Conclusion

India as a country is always ready to help refugees or problems faced by people around due to natural calamities. India as discussed above is not signatory to neither the 1951 UN conventions nor the protocol on status of refugees, it takes care of refugees on case to case basis, depending on the gravity as well as on an ad hoc basis.[15] There is no International law or any other specific law for the governances of refugees in India but previously also India has opened its doors for people in need like the Tibetan refugees, Chakma of Bangladesh, Afghans and ethnic Tamils are among those.[16]  The Tibetans have in fact given rights to take land and property on lease as well as seek jobs in the private sectors, whereas with regards to Tamil refugees, there are getting state government aid worth a lakh, also the present Modi government in 2016 allowed Hindus, Sikhs, Buddhist, Jains, parsis, Christians from neighboring countries to but properties as well as get driving licenses, Aadhar, PAN cards etc. The fact that the Rohingya Crisis is one of the biggest issues in the south Asian region, wherein this particular community is facing a huge amount of oppression, adversities and are living miserable lives to an extent that their origin county is not ready to accept them as citizens and they are being treated as outsiders or illegal foreigners in their native land. Also, the fact that they are seeking refuge in foreign lands due to fear of persecution in their native state. They are to be protected irrespective of whether countries have signed conventions for refugee protection or not and also countries of Myanmar and Bangladesh should come together and solve the issue rather than putting the burden on each other. With regards to India, even though the country accepts a large number of refuges and under international human rights conventions takes care of their protection still India has to remove its ad hoc policy and treating refugees on case to case basis and should adopt a uniform framework taking into consideration united nation conventions[17] on refugees, European conventions[18], Bangkok conventions[19] in order to safeguards rights of all kinds of refugees without any discrimination, whether it be Rohingya or anybody also by taking cue from policy of minimum standards of treatment, right to repatriation as well as protection of their human rights.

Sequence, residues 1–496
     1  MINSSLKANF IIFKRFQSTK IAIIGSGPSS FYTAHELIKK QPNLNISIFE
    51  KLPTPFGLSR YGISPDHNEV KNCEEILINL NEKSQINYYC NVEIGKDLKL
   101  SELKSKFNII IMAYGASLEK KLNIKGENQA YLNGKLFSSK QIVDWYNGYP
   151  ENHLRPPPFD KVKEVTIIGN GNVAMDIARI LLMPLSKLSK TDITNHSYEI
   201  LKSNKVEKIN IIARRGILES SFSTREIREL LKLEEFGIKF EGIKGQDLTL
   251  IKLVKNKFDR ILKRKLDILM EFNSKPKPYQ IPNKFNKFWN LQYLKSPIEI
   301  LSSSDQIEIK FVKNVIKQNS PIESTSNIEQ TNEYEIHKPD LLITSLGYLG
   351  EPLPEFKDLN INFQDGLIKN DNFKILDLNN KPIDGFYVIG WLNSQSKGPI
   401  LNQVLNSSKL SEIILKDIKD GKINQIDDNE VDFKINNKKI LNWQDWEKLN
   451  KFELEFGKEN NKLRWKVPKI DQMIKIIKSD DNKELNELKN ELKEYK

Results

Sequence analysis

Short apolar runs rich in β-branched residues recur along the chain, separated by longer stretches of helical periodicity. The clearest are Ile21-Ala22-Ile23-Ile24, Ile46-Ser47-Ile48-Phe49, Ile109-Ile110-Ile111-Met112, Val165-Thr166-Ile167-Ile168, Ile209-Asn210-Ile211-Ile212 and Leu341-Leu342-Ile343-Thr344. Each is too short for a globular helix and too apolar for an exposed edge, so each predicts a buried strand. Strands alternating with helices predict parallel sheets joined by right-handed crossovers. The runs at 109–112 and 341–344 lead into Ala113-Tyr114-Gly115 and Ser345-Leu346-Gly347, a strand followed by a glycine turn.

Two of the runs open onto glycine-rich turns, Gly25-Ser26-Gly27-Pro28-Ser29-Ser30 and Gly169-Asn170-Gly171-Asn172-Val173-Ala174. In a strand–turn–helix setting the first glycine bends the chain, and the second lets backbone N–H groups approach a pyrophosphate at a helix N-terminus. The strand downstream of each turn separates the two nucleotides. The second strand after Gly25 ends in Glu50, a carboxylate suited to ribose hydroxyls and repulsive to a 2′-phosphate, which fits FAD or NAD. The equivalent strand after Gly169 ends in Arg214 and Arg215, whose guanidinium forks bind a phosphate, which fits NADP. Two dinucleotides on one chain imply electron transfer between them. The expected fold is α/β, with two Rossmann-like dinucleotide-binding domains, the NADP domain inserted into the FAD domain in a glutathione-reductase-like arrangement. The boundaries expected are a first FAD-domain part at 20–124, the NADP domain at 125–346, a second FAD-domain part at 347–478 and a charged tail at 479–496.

[1] Indians News, ( March 22, 2019). https://indiansnews.com/india/understanding-problems-created-rohingya-muslims-india.